1st Jersey yellow.svg Overall Tour Alsace
1st Jersey blue.svg Young rider classification
1st Stage 3
2nd Silver medal blank.svg Time trial, UCI Road World Under-23 Championships
2nd Overall Tour de Berlin
3rd Overall Le Triptyque des Monts et Châteaux
7th Overall Giro della Valle d'Aosta
1st Stage 3
National Road Championships
4th Time trial
5th Road race
4th Overall Ster ZLM Toer
10th Le Samyn
1st Gold medal blank.svg Team time trial, UCI Road World Championships
Giro d'Italia
1st Stage 18
Held Jersey white.svg after Stages 1–5
1st Stage 6 Volta a Catalunya
2nd Classic Sud-Ardèche
3rd Bronze medal europe.svg Time trial, UEC European Road Championships
3rd Overall Deutschland Tour
1st Stage 2
4th Time trial, National Road Championships
4th Overall BinckBank Tour
7th Overall Volta ao Algarve
8th La Flèche Wallonne
1st MaillotAllemania.svg Road race, National Road Championships
1st GP Industria & Artigianato di Larciano
1st Stage 5 Volta a Catalunya
3rd Liège–Bastogne–Liège
5th Amstel Gold Race
5th La Flèche Wallonne
10th Overall Tour of the Basque Country
1st Jersey green.svg Points classification
1st Stages 1 (ITT), 3 & 4
10th Overall Tour of California
1st Jersey yellow.svg Overall Paris–Nice
1st Stage 1
2nd Overall Volta ao Algarve

Grand Tour general classification results timeline[edit]

Grand Tour 2018 2019
A pink jersey Giro d'Italia 31
A yellow jersey Tour de France DNF
A red jersey Vuelta a España
Did not compete
DNF Did not finish


  1. ^ a b "BORA - hansgrohe". Retrieved 7 July 2019.
  2. ^ "With Christoph Pfingsten, BORA – hansgrohe completes its roster for 2019". Bora–Hansgrohe. Denk Pro Cycling GmbH & Co. KG. 12 October 2018. Retrieved 2 January 2019.
  3. ^ "Maximilian Schachmann". EuroSport. Retrieved 15 August 2015.
  4. ^ "Maximilian Schachmann". Cyclingdatabase. Archived from the original on 1 June 2015. Retrieved 15 August 2015.
  5. ^ "Maximilian Schachmann". Rad-net. Retrieved 15 August 2015.
  6. ^ "Maximilian Schachmann sait tout faire". DirectVelo. Retrieved 15 August 2015.
  7. ^ Ryan, Barry (28 December 2019). "2020 Team Preview: Bora-Hansgrohe". Future plc. Retrieved 1 January 2020.
  8. ^ "2018: 101st Giro d'Italia: Start List". ProCyclingStats. Retrieved 3 May 2018.
  9. ^ "Schachmann gewinnt Bergankunft - Yates bangt um Gesamtsieg". Der Spiegel (in German). 24 May 2018. Retrieved 15 April 2019.
  10. ^ "Immer weiter bergauf" (in German). Rundfunk Berlin-Brandenburg. 6 January 2019. Archived from the original on 1 July 2019. Retrieved 1 July 2019.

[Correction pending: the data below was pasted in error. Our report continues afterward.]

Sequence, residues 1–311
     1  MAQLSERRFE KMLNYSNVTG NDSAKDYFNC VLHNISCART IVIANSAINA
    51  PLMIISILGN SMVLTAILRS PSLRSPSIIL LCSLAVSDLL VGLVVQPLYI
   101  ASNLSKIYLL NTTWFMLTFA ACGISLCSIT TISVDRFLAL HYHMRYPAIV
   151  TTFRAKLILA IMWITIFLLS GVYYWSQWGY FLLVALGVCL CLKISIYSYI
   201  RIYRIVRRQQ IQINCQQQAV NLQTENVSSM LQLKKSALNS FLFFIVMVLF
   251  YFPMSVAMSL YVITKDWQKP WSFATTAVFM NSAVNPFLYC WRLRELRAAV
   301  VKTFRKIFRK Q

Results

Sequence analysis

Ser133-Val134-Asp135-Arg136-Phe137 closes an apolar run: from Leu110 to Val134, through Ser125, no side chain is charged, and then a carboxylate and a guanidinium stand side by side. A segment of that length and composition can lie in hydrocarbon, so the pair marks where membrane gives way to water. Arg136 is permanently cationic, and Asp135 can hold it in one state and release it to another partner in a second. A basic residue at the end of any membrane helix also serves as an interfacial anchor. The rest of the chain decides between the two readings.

11. ^ "Quick-Step's Schachmann calls end to 2017 season - News shorts". 15 August 2017. Retrieved 1 July 2019.
  12. ^ a b "Bora-Hansgrohe sign Schachmann on two-year deal". 19 September 2018. Retrieved 1 July 2019.
  13. ^ "Catalunya stage 5: Schachmann wins solo; Lopez leads overall". VeloNews. 29 March 2019. Retrieved 1 July 2019.
  14. ^ Frattini, Kirsten (11 April 2019). "Tour of the Basque Country: Schachmann wins another on stage 4". Retrieved 1 July 2019.
  15. ^ "Schachmann Dritter bei Lüttich-Bastogne-Lüttich" (in German). Rundfunk Berlin-Brandenburg. 29 April 2019. Archived from the original on 1 July 2019. Retrieved 1 July 2019.
  16. ^ "Berliner Radprofi Schachmann ist deutscher Straßenmeister" (in German). Rundfunk Berlin-Brandenburg. 30 June 2019. Archived from the original on 1 July 2019. Retrieved 1 July 2019.
  17. ^ "2019: 106th Tour de France: Start List". ProCyclingStats. Retrieved 1 July 2019.
  18. ^ "Schachmann out of Tour de France with broken hand after TT crash". 20 July 2019. Retrieved 22 July 2019.
  19. ^ "Volta ao Algarve stage 5: Remco Evenepoel tops Rohan Dennis to win TT and secure overall". VeloNews. 23 February 2020. Retrieved 25 February 2020.
  20. ^ McLaughlin, Luke (14 March 2020). "Max Schachmann triumphs at Paris-Nice as Nairo Quintana takes final stage". The Guardian. Retrieved 15 March 2020.
  21. ^ "Schachmann holt Gesamtsieg bei Paris-Nizza". Süddeutsche Zeitung (in German). Deutsche Presse-Agentur. 14 March 2020. Retrieved 15 March 2020.

External links[edit]